For many years I had a shameful writing secret. I hated getting critiqued. I hated it so much, in fact, that I refused to do it. I wrote 600-page manuscripts, edited and revised them dozens of times, and then packed them away in a file on my desktop forever. No one ever read my work, and overall it really kind of sucked.
I was locked in this dysfunctional writing pattern because I had gone through horrible experiences with critique in my creative writing classes in college. But I knew I had to “grow a thick skin” and “get over it” if I ever wanted to be a real writer. I heard that line from so many people and I tried to swallow it. You’ve got to know, I really tried to believe it.
I’ve always known that I have great intuition, but I didn’t always know that I was an intuitive.
In fact, I was almost 35 years old before I really grasped what that meant.
I met a woman in my first writing program who told me about her 40th birthday. She said it was the best and worst birthday she ever had. She was so happy when she turned 30, she remembered. She had a big party on the beach and all her friends came. But ten years later she found herself sobbing all alone in her bedroom the night before she turned 40.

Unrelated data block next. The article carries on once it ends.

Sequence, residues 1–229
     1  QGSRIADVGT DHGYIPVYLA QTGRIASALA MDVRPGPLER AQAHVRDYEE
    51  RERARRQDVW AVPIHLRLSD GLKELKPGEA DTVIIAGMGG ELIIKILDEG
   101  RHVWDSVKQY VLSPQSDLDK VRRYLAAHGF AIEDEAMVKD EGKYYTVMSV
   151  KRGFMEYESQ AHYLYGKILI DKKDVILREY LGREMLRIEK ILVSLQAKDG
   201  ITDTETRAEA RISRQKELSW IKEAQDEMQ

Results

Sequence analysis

Every writer has the voice of their inner critic somewhere inside their head. It might be a judgmental parent, or a toxic friend, or even someone from a long-ago writing group who made one hurtful comment about your story that stuck with you forever.
We all know the inner critic when that voice shows up.
The problem is that we don’t know what to do about it.
Eight years ago I joined a writing program in San Francisco even though I was scared to death to do it. I hadn’t written in the eight years before that and I was terrified to start writing again. I had made small attempts over the years—the beginning of a story here, or a journal entry there—but my writing was so clumsy and forced that I couldn’t read what I’d written without cringing.
I was torn between two extremes. On one hand, I was convinced I was a horrible writer and I had no idea how to go about becoming a great writer, or even a good one. On the other hand, I had never stopped devouring books or dreaming about the book I would one day finish. It got to the point where I actually felt sick inside every time I thought about writing.